Shifting Skillset for PR Pros: Social Media

The public relations industry has long been built on two core skills: writing flawless content and garnering influential media coverage on behalf of a client. If you embodied both skills, and could execute them well, you were bound to be a successful PR pro.

 

But, what about today? With the evolving skillset of PR professionals, it’s more important than ever to be armed with multiple proficiencies to develop and manage successful campaigns. In addition to the core competencies of a traditional PR professional, the following social media skills are key for any PR professional looking to grow within the industry.

 

Reporting social analytics.

Sure, writing a captivating Facebook post is great, but it doesn’t carry a lot of weight if  you can’t show its audience reach. Tracking analytics allows us to identify what’s working and what could use some changes. If an Instagram post gets 30 more likes than usual, we need to ask ourselves why, review and analyze the metrics, and carry key facets of that post into future social media content. Whether it’s through paid or free reporting services, professionals should be tracking impressions, engagements, reach and more to better understand social performance.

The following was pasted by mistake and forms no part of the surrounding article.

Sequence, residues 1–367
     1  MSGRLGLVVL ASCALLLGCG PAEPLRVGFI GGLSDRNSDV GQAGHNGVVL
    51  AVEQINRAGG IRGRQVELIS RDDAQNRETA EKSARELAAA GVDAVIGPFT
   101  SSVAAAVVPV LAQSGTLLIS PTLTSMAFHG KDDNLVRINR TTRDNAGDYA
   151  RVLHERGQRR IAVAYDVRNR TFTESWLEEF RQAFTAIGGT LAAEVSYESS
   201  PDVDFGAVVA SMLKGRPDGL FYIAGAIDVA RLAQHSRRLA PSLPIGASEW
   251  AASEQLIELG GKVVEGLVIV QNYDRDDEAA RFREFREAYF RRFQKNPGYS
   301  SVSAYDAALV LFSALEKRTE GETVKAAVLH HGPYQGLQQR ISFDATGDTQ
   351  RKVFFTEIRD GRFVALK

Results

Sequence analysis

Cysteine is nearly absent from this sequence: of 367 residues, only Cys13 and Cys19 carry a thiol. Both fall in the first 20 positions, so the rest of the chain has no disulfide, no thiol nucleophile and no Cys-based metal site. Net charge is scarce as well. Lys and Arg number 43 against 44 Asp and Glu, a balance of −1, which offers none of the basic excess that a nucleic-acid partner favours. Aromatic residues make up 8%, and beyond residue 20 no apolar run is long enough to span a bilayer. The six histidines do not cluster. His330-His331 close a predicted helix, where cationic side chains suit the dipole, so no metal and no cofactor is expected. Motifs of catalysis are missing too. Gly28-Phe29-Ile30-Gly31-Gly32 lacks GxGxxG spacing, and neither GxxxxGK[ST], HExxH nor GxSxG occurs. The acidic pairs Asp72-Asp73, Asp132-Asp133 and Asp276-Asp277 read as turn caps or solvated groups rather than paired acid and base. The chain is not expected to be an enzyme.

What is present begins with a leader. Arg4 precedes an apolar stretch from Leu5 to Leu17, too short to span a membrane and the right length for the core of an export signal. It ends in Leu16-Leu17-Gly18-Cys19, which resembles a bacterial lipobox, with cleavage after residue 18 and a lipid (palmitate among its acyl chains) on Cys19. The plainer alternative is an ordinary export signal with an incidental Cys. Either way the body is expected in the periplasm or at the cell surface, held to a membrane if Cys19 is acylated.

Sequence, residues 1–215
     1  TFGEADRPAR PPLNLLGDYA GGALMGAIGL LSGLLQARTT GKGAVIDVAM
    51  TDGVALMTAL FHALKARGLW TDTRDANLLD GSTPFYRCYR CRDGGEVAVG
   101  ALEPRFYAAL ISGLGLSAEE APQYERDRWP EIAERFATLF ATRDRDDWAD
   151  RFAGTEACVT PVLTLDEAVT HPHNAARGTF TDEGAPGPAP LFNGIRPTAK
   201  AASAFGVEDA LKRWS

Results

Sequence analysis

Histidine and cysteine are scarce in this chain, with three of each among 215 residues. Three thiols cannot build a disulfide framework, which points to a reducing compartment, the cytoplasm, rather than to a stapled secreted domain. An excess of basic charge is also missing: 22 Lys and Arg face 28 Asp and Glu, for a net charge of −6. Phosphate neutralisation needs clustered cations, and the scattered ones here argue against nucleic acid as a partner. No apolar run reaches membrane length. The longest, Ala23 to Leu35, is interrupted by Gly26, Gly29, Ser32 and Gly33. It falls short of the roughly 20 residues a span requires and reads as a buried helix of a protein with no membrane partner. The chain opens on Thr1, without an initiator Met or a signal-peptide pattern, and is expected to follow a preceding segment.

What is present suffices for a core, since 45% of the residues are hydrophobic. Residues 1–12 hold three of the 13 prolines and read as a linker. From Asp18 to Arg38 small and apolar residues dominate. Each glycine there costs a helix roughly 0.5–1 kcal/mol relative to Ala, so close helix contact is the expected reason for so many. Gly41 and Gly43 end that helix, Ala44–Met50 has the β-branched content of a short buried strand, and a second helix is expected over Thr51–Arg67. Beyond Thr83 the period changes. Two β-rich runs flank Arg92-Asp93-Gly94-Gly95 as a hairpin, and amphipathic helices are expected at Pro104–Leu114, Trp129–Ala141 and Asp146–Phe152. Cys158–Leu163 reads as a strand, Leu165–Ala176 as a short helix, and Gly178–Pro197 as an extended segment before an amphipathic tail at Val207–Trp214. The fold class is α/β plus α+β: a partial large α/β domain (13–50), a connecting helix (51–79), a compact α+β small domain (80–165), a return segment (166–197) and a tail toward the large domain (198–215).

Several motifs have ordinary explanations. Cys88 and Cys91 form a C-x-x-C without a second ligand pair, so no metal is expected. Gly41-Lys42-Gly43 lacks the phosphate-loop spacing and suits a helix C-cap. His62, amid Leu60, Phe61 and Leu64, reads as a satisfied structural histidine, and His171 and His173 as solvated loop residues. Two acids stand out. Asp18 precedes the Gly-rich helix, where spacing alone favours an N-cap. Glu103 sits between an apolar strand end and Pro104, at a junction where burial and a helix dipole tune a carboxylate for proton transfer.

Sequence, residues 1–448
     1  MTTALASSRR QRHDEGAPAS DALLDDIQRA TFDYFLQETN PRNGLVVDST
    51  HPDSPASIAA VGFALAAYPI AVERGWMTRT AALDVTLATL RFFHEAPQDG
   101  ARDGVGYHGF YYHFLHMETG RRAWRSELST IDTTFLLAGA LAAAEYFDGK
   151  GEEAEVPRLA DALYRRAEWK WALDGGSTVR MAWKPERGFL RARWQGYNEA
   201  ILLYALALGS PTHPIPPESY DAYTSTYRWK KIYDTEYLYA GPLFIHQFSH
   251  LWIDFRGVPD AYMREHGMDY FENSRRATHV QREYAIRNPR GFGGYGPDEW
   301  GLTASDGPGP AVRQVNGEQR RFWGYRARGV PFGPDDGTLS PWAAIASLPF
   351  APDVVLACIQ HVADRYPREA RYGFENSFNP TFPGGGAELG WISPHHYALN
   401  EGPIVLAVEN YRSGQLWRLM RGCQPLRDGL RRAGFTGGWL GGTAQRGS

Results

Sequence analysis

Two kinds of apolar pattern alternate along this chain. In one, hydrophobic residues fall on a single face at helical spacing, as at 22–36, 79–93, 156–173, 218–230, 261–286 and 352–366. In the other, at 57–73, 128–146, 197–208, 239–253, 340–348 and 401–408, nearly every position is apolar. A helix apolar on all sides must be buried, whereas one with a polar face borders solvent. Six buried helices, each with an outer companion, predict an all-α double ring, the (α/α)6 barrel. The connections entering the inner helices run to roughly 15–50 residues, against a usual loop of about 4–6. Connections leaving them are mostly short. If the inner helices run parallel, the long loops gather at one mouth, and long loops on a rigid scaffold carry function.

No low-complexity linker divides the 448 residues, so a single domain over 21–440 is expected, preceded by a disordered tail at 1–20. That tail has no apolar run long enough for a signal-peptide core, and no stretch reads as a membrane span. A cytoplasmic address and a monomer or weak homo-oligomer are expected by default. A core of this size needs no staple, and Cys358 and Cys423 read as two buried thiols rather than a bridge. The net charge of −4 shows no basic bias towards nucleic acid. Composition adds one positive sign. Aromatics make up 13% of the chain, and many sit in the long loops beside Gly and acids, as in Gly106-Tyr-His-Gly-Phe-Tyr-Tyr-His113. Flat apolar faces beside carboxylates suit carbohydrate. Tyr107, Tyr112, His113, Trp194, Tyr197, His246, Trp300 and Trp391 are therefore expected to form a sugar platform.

Social advertising.

Public relations often intersects with advertising, traditional and social. It’s common to facilitate or provide recommendations for advertising requests. According to the latest CMO survey, social media advertising budgets are predicted to increase by 32 percent in 2018 and almost double by 2023. Understanding basic terminology and vocabulary is easy with simple resources searches online, but to truly become well-versed in the space, you may consider taking an academic course on social advertising.

 

Basic graphic design.

Crafting social media messages is imperative, but so is creating the right image to go along with it! Graphics are a great asset to use text, photos and elements that can make your social post stand out. Although the most seasoned graphic designers use Adobe Photoshop and InDesign, it’s not necessary for all public relations professionals. Canva, a free website with a “drag-and-drop” format, is an easy tool for beginners. Let your social images stand out, not blend in.

 

As the public relations industry continues to evolve, its professionals should too. Take time to gain a basic understanding of traditional and new-age PR tactics, and you (and your clients) will be in good hands.

 

Think your business could benefit from social media and reporting metrics? Contact Lauryn Gray at lauryn@dittoepr.com, or request a consultation today.